Tech giants are on the hunt for investment opportunities in the mining sector, in a push that is destined to change the landscape of the resources industry.
Among those leading the charge are tech billionaires Bill Gates, Jeff Bezos and Richard Branson — all backers of technology fund Breakthrough Energy Ventures (BEV).
Last year, BEV joined forces with hedge fund a16z to invest in mineral exploration company KoBold Metals and its search for ‘ethical’ cobalt.
The billion-dollar fund was also instrumental in raising $20 million in Series A funding for Lilac Solutions, a mining technology company focused on transforming lithium production.
In isolation, these may seem like incidental snippets of mining news. But scratch the surface and a whole new world of investment — and potential for industry innovation and disruption — is revealed.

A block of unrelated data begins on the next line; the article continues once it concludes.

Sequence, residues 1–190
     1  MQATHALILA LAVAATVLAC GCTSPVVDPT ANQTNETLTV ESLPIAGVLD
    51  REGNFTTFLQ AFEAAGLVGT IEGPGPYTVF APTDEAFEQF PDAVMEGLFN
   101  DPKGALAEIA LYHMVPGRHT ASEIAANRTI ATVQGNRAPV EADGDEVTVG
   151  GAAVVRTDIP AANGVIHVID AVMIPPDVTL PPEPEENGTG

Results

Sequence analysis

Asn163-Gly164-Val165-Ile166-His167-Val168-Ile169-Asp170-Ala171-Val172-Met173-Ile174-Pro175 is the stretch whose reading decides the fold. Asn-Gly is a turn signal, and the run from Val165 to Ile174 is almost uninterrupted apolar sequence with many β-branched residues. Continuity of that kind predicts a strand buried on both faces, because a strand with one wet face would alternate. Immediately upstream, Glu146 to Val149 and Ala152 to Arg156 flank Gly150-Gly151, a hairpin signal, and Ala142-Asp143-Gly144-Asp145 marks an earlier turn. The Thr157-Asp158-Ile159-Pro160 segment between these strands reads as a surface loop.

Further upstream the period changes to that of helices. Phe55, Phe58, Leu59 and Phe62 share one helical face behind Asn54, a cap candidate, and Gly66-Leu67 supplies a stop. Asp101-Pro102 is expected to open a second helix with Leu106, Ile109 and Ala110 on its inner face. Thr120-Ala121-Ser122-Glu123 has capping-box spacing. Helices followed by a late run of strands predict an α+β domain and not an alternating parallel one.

Gates, Bezos and Branson have all built their careers on innovation, thinking outside the box and pushing through disruptive change. And now they have set their sights on the mining sector.
Tesla CEO Elon Musk has also flagged his interest in the industry. Last year he tweeted that “we might get into mining”. That may sound like a vague promise, but remember he also tweeted that he’d rocket a car into space — then did it a year later.
Make no mistake: tech money is flowing into mining. And big data, vertical integration, ethical supply chains and ‘green’ practices will be on the agenda for tech giants with mining ventures.
There will be disruption. But mining companies that adapt to the challenge from the tech sector stand to gain significant opportunities while also driving the industry into the active, agile future it needs.
Mining sector’s wake-up call